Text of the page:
• The term “person” has been defined as “an individual, group, unincorporated association, limited or general partnership, corporation, or other business entity.” This is intended to clarify that CAN-SPAM’s obligations are not limited to natural persons.

If you are a single organization sending email on your own behalf and do not publish ads from third parties in your emails, then the new rules will likely have little impact on you unless your opt-outs do not comply with the new stricter opt-out guidelines. If you work with a third party (other than Constant Contact) that manages your opt-outs for you, you should consult with them to make sure that their mechanism will comply with the new rule provisions by the July 7th deadline.

Additional FTC Guidance:

The Final Rule also provides some additional guidance, the Statement of Basis and Purpose, on aspects of the Act that it does not explicitly modify in the final rule. Although these items are not officially mandated, they give guidance on how the FTC is likely to interpret applicability and compliance, and in that context should be given careful consideration.

  • The FTC clarifies that forward-to-a-friend mechanisms, which have generally been treated as exempt from CAN-SPAM because they are 1-to-1 messages from the original recipient to their friend, may in fact be subject to CAN-SPAM if the originator of the message “procures” the forwarding or if the forwarded message is stored in any way by the forwarding system.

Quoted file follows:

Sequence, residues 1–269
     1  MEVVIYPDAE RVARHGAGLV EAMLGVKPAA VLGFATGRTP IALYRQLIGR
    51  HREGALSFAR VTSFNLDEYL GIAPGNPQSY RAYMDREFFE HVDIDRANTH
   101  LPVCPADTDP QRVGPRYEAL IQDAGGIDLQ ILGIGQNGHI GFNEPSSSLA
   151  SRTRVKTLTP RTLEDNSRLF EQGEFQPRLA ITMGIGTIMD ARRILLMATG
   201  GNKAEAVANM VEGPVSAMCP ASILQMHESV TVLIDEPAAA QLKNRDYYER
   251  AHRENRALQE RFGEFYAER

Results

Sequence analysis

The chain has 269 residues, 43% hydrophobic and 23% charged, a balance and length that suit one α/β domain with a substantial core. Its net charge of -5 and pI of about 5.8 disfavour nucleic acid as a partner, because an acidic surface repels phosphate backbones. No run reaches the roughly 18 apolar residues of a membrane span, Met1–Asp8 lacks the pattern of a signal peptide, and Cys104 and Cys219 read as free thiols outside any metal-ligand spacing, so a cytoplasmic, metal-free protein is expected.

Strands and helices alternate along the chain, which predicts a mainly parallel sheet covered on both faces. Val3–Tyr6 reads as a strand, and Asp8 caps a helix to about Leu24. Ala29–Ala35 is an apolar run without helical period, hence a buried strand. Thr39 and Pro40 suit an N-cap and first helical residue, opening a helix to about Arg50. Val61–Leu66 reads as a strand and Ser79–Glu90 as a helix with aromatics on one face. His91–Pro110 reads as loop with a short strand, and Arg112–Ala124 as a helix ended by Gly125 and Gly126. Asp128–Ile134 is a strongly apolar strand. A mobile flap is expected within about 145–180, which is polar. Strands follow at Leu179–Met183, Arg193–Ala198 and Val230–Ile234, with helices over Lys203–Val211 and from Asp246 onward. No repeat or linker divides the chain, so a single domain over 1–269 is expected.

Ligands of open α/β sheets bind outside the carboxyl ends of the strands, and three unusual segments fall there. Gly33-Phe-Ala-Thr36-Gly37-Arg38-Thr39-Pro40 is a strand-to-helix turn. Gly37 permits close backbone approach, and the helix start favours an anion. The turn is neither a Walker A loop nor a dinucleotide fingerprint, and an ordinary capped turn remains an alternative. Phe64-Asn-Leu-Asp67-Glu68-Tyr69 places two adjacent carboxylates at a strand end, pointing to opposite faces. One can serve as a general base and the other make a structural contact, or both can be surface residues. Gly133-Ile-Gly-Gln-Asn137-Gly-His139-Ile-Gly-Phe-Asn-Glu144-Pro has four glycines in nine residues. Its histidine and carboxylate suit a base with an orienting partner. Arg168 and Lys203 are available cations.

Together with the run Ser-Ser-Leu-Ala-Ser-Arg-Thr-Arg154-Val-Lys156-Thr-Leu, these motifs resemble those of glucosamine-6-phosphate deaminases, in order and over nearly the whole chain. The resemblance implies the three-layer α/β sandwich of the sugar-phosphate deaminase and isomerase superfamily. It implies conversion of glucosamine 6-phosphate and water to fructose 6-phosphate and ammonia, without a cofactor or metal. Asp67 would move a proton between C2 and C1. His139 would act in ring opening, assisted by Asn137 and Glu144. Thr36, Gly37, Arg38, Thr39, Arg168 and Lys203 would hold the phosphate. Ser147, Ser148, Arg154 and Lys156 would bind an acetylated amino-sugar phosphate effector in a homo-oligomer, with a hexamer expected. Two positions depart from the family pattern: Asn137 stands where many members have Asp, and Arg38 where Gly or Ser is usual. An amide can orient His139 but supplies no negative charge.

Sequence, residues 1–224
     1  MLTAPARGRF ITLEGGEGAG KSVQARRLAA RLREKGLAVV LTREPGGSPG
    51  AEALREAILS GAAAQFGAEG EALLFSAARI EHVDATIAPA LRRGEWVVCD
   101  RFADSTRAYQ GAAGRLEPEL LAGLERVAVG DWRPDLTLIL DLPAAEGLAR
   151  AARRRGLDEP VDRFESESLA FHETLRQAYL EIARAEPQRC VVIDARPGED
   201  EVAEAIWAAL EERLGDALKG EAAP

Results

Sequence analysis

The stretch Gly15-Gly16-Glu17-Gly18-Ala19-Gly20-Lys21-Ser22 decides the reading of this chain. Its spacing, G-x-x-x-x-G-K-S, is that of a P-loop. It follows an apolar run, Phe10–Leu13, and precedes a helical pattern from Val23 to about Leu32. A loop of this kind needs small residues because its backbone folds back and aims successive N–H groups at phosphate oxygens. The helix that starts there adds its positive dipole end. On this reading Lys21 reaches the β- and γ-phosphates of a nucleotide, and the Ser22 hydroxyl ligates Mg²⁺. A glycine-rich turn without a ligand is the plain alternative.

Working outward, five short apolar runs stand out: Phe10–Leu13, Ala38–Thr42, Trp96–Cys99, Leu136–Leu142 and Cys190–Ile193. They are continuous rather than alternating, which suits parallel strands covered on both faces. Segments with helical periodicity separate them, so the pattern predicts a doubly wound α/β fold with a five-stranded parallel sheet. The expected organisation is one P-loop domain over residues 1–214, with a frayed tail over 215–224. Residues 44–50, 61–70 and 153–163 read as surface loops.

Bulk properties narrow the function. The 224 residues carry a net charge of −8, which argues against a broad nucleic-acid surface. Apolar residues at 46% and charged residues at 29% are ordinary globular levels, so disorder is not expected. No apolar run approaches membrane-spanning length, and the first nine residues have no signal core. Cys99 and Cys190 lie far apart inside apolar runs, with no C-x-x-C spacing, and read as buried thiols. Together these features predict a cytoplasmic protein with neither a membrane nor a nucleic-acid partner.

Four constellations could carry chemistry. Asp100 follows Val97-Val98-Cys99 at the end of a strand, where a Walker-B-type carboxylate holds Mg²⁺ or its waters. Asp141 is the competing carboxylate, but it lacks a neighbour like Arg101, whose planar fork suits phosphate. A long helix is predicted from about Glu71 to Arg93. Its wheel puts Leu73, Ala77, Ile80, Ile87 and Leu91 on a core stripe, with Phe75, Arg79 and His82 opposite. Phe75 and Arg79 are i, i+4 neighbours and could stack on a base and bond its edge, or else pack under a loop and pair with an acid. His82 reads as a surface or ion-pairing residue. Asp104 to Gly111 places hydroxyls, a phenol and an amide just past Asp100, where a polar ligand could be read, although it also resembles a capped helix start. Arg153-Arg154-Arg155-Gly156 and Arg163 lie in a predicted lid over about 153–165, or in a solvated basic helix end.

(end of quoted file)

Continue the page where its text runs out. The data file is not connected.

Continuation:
• A message has been “procured” if “the seller offers money, coupons, discounts, awards, additional entries in a sweepstakes, or the like in exchange for forwarding a message”.
    • Because most forward-to-a-friend mechanisms are not set up to include opt-out links that would make the message CAN-SPAM compliant and enable the final recipient to opt-out of future messages from the original sender, this means that any forwarded message whose forwarding has been “procured” would make the original sender non-compliant under CAN-SPAM.
    • To ensure you’re not caught by this clarification, you should make sure that you’re not offering any incentives in the content of your email campaigns that encourages your recipients to forward them. For example, “forward to 10 friends and get a 10% off coupon”, or “get a free t-shirt” would likely classify your forwarded message as commercial and thus subject to CAN-SPAM.
  • There is fairly extensive guidance given on the definition of a “transactional or relationship message”. The FTC decided not to exempt entire classes of messages from CAN-SPAM, but rather requires they be considered on “a case-by-case basis depending on the specific content and context of such messages”. If all of your communications to your recipients are already CAN-SPAM compliant, you don’t need to worry about these clarifications; if you do treat some of your communication as transactional you probably want to look at this section in more detail to ensure that you’re not impacted by the clarifications.
  • The FTC has decided not to alter the time limit (10 days) for honoring an opt-out request; in addition, it reaffirms that there is no time-out on an opt-out request, i.e. that it may only be over-ridden by a subsequent explicit opt-in request.